This, or something like this, defines at least in part where we're headed with digital learning resources (formerly known as learning objects). This web page provides links to several dozen 'notebooks' - these are files that can be run on an application called Jupyter Notebooks. You can also view them in your web browser. But running them in the notebook allows you to change and execute the code visible in cells throughout the page. So it's a web page you can reprogram on the fly. Jupyter Notebooks runs on Python, and is included as part of the Anaconda Python distribution, though there are other ways of getting it as well. You can also create Notebooks in other languages, including Perl and Ruby. The examples here show running code for everything from data analytics to neural networks.
According to this article, "The newly founded EdTechFrance is the latest illustration of industry organizations' desire to collectively bolster their visibility and legitimacy. On November 17, the group published a manifesto stating its intention to turn France's focus to EdTech." You can read the manifesto (in French) on their home page. I've translated it, and you can see the English version on my Google+ page. "The manifesto's 140 signatories include educational institutions, numerous startups, among which Domoscio, AppScho and Beneylu, and more established companies like Qwant and Unow."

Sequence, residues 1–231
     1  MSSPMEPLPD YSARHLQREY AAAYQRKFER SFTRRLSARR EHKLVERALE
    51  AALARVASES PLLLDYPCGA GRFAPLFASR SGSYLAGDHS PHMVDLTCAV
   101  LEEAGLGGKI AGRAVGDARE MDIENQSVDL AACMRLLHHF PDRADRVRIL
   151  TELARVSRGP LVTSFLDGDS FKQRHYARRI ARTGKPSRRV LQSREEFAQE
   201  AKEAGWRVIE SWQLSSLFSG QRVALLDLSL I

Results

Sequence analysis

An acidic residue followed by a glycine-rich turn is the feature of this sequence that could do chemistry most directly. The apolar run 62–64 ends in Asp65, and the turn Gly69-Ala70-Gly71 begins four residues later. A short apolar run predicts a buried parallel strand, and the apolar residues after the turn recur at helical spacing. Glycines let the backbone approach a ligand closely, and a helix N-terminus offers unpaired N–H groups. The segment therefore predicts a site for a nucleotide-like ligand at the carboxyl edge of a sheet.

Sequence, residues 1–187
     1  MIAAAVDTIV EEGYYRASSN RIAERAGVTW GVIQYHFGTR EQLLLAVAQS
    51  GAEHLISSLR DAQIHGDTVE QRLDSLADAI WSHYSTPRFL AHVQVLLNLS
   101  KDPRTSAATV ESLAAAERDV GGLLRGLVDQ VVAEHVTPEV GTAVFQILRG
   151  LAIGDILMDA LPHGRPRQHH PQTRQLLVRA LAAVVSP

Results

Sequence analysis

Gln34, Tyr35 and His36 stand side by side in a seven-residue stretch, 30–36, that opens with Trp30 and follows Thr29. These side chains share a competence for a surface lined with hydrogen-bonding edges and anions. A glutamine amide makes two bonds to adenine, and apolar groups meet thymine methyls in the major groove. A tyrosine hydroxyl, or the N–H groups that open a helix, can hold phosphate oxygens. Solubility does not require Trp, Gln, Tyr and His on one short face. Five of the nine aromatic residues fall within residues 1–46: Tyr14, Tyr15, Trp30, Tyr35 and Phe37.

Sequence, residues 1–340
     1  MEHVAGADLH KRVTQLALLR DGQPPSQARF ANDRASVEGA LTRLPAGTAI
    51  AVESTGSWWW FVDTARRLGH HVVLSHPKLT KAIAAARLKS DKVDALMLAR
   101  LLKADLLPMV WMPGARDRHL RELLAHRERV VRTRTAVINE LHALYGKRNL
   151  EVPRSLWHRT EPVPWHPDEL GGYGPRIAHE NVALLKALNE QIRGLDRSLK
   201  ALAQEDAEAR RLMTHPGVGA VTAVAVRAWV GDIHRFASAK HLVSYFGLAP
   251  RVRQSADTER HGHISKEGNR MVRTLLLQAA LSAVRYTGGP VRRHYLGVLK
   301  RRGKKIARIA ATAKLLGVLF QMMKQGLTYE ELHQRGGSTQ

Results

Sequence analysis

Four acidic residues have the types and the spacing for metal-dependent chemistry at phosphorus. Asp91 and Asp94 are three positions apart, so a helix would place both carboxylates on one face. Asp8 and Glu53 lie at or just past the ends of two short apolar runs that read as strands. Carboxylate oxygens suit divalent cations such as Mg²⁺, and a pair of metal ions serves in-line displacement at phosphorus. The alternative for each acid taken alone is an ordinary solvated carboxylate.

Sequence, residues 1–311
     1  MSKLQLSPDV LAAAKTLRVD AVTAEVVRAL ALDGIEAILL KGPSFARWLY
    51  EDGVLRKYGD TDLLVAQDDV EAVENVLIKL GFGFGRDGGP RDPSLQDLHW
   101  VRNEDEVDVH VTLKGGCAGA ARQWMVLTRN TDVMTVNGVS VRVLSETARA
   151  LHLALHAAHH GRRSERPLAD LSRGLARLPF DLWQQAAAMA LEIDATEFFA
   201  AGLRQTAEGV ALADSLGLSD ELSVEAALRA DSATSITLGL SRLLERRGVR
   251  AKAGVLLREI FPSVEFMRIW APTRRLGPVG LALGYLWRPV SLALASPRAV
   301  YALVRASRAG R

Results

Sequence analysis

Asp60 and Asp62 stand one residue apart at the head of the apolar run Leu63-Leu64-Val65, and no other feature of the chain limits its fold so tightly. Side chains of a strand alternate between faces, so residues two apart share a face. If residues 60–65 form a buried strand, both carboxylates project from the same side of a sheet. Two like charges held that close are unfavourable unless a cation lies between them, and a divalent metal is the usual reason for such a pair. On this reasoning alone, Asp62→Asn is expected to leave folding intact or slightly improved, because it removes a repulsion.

Personally I think that every event should be covered in real time by students in the field. Of the hundreds of education conferences I've attended, I can count on one hand the number that have engaged students in this way. That doesn't mean every student should do this. But for those who are so inclined, reporting on an event is an unparalleled way of engaging with the event, particularly when you won't be speaking and your alternative is to be a member of the audience. The current post from J-Source involves student journalists, but there's no reason why students from all disciplines couldn't be included (the same could be said of professional media).
I've never been that interested in blended learning but I do want to flag the launch of this project, the new European-funded European Maturity Model for Blended Education (EMBED) Project. "The project adopts a multi-level conception of blended education, including micro-level teaching and learning processes, meso-level institutional innovation and enabling strategies, and macro-level governmental policy and support structures." The article gets interesting about half way through when it asks "what is unique about the EMBED Project?" The answer is that "it should challenge us to do things differently and serve as a catalyst for helping educators to reimagine the nature of teaching and learning in the digital-era."
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Copyright 2017 Stephen Downes Contact: email@example.comThis work is licensed under a Creative Commons License.